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Friday, Feb. 10, 2012

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Viewfinder: A visitor tries out an Olympus Corp.'s Pen mirrorless digital camera featuring interchangeable lenses at CP+2012, the country's largest camera show, which kicked off Thursday at Pacifico in Yokohama. SATOKO KAWASAKI

Mirrorless, interchangeable-lens models turn heads with smaller size, quality pics, ease of use

Camera show breaks SLR mystique


Staff writer

YOKOHAMA — Digital mirrorless cameras with interchangeable lenses grabbed the spotlight Thursday at CP+2012 as the nation's biggest international camera and imaging show opened in Yokohama.

The concept is camera makers' latest cash cow, and competition is expected to heat up as this uncultivated market develops. The show at Pacifico runs through Sunday.

Mirrorless interchangeable-lens cameras, which debuted in 2008, are as small as compact cameras but more capable of shooting quality photos on a par with single-lens reflex cameras.

Unlike traditional and digital SLR cameras, however, the mirrorless ones lack the built-in mirror box that supplies the viewfinder image. Eliminating the mirror saves space, allowing a smaller camera to be made.

The Japanese market for this type of camera is steadily expanding, as 52.2 percent of the interchangeable lens cameras shipped last month were mirrorless, the first time they exceeded 50 percent, said BCN Inc., a Tokyo based market researcher.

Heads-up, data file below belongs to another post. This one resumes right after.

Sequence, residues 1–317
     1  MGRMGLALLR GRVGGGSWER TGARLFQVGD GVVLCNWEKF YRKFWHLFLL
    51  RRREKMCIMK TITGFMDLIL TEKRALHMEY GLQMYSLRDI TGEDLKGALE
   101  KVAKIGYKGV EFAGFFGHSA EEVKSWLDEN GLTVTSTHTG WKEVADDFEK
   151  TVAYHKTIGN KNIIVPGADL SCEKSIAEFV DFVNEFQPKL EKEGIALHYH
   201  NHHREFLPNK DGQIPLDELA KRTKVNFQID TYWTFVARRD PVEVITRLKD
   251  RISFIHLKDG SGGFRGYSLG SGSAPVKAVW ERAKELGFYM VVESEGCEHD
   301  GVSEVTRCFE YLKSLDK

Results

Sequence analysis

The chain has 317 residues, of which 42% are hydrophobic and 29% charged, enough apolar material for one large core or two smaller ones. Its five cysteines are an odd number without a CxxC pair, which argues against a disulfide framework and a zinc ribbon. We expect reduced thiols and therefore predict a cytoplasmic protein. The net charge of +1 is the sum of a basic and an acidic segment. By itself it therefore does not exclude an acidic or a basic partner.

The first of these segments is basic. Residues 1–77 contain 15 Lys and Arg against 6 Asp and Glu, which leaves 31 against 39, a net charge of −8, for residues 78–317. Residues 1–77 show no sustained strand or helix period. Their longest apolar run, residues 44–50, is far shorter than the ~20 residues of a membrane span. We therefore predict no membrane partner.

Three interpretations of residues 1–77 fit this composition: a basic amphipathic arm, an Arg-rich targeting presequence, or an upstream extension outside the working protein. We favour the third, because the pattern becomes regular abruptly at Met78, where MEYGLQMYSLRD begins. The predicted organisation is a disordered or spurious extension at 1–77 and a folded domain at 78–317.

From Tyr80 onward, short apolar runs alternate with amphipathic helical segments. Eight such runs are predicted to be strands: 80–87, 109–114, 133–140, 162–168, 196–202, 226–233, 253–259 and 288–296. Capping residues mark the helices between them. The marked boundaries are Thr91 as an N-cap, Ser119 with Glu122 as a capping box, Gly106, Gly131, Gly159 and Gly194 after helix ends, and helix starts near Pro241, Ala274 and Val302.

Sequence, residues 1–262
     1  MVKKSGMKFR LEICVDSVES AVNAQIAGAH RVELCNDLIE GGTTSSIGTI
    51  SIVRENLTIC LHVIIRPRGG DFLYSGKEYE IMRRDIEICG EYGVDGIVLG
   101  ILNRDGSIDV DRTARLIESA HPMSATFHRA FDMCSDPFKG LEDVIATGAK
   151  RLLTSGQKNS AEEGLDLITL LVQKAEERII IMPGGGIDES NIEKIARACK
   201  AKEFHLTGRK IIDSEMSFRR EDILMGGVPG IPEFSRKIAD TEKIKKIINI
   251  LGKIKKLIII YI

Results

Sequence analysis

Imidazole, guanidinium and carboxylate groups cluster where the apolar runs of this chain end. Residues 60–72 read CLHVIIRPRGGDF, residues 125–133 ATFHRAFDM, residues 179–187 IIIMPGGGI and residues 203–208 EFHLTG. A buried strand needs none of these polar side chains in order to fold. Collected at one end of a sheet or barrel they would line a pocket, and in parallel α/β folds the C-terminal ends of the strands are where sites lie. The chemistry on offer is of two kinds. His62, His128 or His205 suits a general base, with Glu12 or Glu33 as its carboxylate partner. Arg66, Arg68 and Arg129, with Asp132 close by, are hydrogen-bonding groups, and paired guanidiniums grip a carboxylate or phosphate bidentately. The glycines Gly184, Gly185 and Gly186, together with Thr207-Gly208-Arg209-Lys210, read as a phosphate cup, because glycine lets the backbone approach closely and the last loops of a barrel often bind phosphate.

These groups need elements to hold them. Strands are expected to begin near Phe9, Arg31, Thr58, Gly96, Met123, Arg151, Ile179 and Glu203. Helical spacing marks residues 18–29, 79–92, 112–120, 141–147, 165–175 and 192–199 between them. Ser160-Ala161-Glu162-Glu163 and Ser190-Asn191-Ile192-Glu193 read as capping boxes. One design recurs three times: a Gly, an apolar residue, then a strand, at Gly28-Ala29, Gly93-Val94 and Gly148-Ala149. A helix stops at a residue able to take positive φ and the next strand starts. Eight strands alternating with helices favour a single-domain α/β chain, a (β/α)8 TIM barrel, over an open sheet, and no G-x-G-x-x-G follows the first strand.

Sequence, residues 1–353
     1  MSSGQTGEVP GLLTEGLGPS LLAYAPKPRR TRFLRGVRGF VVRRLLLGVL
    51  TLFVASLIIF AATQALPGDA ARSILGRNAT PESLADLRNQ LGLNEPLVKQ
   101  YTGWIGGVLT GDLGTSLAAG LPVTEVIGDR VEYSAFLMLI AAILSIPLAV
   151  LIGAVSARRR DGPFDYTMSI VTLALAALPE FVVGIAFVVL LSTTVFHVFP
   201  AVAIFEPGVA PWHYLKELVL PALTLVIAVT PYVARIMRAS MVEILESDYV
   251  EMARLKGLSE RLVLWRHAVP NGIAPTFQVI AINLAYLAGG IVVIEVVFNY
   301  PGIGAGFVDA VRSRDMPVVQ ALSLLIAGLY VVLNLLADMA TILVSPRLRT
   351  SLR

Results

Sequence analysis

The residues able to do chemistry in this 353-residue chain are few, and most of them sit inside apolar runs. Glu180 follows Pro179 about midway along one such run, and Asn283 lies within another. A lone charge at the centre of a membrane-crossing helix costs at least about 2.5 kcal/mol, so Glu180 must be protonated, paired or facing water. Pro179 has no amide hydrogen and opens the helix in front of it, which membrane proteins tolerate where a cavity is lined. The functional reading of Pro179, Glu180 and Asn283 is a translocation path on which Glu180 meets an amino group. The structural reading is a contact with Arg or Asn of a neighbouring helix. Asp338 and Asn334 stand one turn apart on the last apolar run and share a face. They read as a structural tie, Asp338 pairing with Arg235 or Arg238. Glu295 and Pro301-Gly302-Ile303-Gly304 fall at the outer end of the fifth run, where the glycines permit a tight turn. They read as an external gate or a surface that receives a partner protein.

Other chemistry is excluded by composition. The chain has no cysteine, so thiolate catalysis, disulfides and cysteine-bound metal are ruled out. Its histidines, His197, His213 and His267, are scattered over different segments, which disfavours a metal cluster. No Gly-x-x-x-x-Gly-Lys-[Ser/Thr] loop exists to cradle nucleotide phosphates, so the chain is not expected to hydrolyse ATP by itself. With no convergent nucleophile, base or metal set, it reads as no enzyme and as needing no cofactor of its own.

Manufacturers and industry observers said demand is brisk because the new products match demand for cameras that can take high-quality digital photos without the SLR bulk. SLR models, on top of being expensive, are rather unwieldy and difficult to use in casual photography.

When it comes to digital SLRs, people have images of "heavy," "big," "expensive" and "difficult," but "the mirrorless models have removed those hurdles," said Keiichi Yamaguchi, senior manager of the digital imaging marketing department at Sony Marketing (Japan) Inc.

Your average mirrorless model is a bit larger than a compact camera with a price of around ¥50,000 but way smaller than an SLR. Some are even as small as compacts and priced as low as ¥30,000, while premium models can cost more than ¥100,000.

"(Mirrorless models) have really expanded choices for customers," Yamaguchi said at the Sony booth, where its NEX series cameras were attracting interest.

Since the first digital mirrorless interchangeable lens camera was released by Panasonic Corp. in 2008, nearly all major camera makers have jumped into the market, with the exception of Canon and Casio.

"The market of mirrorless interchageable-lens models is the most important market for us," said Yukihiko Sugita, a product development manager at Olympus Imaging Corp.

Panasonic and Olympus jointly came up with the concept of mirrorless interchangeable-lens cameras back in 2008.

Sugita said the mirrorless type allows makers to build more flexible products because design gets complicated when the mirror box is put in. These models therefore have the potential to evolve further, and the market is expected to grow, he said.

Industry observers said the timing is right.

Most of those buying new mirrorless models are upgrading from compact cameras, said Takuro Hiraoka of GfK Marketing Services Japan Ltd., another Tokyo based market researcher.

"While compact digital cameras have hardly been able to provide new functions since around 2007, the new category debuted," and attracted those who want quality photos without the professional fuss, he said.



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The Japan Times

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